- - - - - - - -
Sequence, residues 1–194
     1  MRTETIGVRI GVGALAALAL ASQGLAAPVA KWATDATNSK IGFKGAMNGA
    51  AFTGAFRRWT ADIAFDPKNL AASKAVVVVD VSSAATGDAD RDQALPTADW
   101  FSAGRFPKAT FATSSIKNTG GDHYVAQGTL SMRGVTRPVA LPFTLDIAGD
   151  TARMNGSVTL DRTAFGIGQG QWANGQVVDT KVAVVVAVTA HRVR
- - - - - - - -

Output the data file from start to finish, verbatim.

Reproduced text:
Sequence, residues 1–194
     1  MRTETIGVRI GVGALAALAL ASQGLAAPVA KWATDATNSK IGFKGAMNGA
    51  AFTGAFRRWT ADIAFDPKNL AASKAVVVVD VSSAATGDAD RDQALPTADW
   101  FSAGRFPKAT FATSSIKNTG GDHYVAQGTL SMRGVTRPVA LPFTLDIAGD
   151  TARMNGSVTL DRTAFGIGQG QWANGQVVDT KVAVVVAVTA HRVR